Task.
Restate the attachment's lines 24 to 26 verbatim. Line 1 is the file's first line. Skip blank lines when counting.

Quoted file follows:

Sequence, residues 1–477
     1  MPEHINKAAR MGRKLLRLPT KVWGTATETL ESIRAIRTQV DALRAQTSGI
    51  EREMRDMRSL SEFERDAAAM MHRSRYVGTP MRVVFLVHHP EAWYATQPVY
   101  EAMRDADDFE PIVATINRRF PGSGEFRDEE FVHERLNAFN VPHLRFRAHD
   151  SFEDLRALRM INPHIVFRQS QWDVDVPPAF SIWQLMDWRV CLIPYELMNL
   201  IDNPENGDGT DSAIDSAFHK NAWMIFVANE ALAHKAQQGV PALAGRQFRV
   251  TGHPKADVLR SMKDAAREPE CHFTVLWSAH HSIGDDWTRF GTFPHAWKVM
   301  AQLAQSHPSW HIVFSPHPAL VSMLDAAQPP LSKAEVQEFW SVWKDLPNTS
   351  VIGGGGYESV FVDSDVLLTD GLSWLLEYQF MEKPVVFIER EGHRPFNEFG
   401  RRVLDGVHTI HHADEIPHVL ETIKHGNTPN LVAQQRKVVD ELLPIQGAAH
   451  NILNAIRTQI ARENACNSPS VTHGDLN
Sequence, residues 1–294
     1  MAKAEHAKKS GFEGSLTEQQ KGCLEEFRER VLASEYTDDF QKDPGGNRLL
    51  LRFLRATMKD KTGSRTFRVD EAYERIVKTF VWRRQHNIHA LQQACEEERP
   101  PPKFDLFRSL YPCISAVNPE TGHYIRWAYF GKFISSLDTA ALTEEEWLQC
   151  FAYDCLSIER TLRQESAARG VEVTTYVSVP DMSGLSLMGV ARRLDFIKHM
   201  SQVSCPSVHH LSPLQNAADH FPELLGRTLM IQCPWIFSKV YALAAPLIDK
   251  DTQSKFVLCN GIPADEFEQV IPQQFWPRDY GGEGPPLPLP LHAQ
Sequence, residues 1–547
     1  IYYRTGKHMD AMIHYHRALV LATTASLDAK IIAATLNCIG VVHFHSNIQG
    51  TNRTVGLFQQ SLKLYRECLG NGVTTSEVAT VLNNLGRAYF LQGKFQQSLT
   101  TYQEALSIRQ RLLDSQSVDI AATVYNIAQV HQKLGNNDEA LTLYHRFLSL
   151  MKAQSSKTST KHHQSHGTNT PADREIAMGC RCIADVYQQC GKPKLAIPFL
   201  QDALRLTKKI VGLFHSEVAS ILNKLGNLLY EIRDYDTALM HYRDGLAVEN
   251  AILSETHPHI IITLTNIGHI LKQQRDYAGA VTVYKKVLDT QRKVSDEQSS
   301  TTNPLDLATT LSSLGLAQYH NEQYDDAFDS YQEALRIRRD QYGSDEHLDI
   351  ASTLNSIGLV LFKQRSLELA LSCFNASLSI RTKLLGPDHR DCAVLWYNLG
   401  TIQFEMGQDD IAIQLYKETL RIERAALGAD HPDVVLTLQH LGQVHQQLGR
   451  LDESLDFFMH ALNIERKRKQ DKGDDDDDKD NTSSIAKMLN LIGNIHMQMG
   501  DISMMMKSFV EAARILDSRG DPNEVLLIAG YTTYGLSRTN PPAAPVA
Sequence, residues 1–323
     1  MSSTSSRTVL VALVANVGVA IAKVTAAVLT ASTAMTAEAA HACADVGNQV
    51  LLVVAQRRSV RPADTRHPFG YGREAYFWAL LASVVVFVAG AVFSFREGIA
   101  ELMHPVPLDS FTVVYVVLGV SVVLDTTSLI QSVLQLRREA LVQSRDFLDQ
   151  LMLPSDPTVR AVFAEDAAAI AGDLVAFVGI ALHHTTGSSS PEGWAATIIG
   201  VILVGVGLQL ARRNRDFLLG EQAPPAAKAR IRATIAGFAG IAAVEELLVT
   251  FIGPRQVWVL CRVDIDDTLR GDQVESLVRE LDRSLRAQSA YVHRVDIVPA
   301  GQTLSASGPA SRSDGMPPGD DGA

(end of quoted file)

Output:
   201  QDALRLTKKI VGLFHSEVAS ILNKLGNLLY EIRDYDTALM HYRDGLAVEN
   251  AILSETHPHI IITLTNIGHI LKQQRDYAGA VTVYKKVLDT QRKVSDEQSS
   301  TTNPLDLATT LSSLGLAQYH NEQYDDAFDS YQEALRIRRD QYGSDEHLDI